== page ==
With the basic app up and running, we took it downstairs to our shop experts, keeping a few overarching questions in mind: What certifications make sense? What are the big roadblocks to machine shop certifications? What other factors play into granting shop certificates or training?

Here’s a peek into our conversation:

What makes our shop in IDEO Cambridge unique from other shops, IDEO and beyond?

Our Cambridge shop is community-run. Since we have no dedicated shop managers, there are unique protocols and responsibilities for individuals using the shop. In “formal” shops at universities, makerspaces, and other IDEO studios, there are usually shop managers whose role is to ensure that safety protocols are adhered to, proper training is administered, and equipment is taken care of.

So, without formal shop managers, what does our certification process look like?

Right now, it’s pretty informal. After years of training and practice, we come in knowing how to use all the equipment. However, for other designers who just want to use one machine, we debrief them to get a sense of what they know about the equipment. But even if we feel confident about their skills, we still want to be by their side the first few times, just in case.

What types of certifications make sense to put on the blockchain?

In some of our discussions, we tried creating different levels for our equipment. Things like the laser cutter and 3D printer (level 1) seem to make the most sense, since they’re not too difficult to operate and pretty common. But as you move up the levels and use the lathe or mill, things start to get really complicated.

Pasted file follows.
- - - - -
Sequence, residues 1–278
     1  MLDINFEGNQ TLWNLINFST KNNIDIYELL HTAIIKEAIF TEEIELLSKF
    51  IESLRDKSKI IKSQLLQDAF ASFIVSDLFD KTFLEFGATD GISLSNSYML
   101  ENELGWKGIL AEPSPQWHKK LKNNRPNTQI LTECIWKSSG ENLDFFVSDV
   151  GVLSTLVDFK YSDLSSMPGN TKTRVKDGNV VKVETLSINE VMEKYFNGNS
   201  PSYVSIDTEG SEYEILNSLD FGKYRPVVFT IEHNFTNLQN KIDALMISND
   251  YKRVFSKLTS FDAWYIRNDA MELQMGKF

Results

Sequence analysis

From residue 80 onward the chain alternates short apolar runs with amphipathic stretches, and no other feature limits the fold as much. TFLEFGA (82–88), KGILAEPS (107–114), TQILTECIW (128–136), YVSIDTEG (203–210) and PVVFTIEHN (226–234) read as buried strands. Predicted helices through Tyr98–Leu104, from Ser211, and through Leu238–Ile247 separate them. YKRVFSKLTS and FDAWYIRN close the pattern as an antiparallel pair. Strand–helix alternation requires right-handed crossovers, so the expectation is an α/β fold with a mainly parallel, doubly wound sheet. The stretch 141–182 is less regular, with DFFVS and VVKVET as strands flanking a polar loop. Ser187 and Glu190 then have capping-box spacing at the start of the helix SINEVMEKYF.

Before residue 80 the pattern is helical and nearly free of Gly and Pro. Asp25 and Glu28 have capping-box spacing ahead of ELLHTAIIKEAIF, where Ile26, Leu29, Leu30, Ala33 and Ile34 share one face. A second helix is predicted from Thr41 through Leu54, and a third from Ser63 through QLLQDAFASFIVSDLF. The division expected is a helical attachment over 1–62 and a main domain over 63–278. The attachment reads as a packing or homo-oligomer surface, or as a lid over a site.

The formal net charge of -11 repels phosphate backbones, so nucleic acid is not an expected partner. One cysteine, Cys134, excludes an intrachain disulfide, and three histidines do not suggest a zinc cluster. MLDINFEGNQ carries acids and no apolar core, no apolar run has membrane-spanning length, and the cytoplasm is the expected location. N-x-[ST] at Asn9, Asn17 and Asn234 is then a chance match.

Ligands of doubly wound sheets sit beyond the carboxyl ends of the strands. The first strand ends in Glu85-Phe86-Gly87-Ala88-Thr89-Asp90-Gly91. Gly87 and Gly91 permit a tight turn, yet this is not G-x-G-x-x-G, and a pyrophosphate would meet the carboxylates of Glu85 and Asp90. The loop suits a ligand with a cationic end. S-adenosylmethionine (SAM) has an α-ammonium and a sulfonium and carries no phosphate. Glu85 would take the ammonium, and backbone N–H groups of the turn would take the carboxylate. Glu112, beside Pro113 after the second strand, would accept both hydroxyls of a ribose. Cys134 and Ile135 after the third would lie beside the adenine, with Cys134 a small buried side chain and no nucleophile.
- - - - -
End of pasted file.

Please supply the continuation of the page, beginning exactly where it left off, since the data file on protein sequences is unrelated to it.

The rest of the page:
Let’s assume that we’ve been able to successfully put all shop certifications on the blockchain, what does that experience look like?

Even if there are universal shop certifications with a perfect, trusted protocol, we’re not sure how much it changes the experience. Sure it would filter out some unauthorized usage of equipment, but as the shop experts, we’d still want to be by an individual’s side if they’re operating a machine for the first time in our shop. There are still some human trust factors that need to be accounted for.

Surfacing New Questions

Based on our discussion, we learned a lot about the shop and how certifications work. I left with a few questions:

How would automated monitoring system affect the current certification experience? Would they be sufficient?

How do you create a robust protocol that accounts for the small differences in shop culture? Is that even possible?

While these questions illuminate the richness of machine shop certifications, they also begin to reveal the underlying complexities of this use case, disproving our hypothesis.

We were, however, able to surface new questions that could help guide us later on:

How might we codify less obvious characteristics or behaviors?

What key moments in the certification process should we be designing around?

As we continue to explore digital identity, it’s important not to get bogged down into the specifics of one use case. With a working prototype in hand, we look forward to getting closer to our goals: asking the right questions, identifying themes, and implementing a proof-of-concept prototype.

We’ve been brainstorming other certification areas to explore: academic certificates for informal education such as IDEO U, expertise endorsements by co-workers, employee-of-the-month awards, boy scout badges, and standardized test scores.

What other certifications would you like to see us put on the blockchain?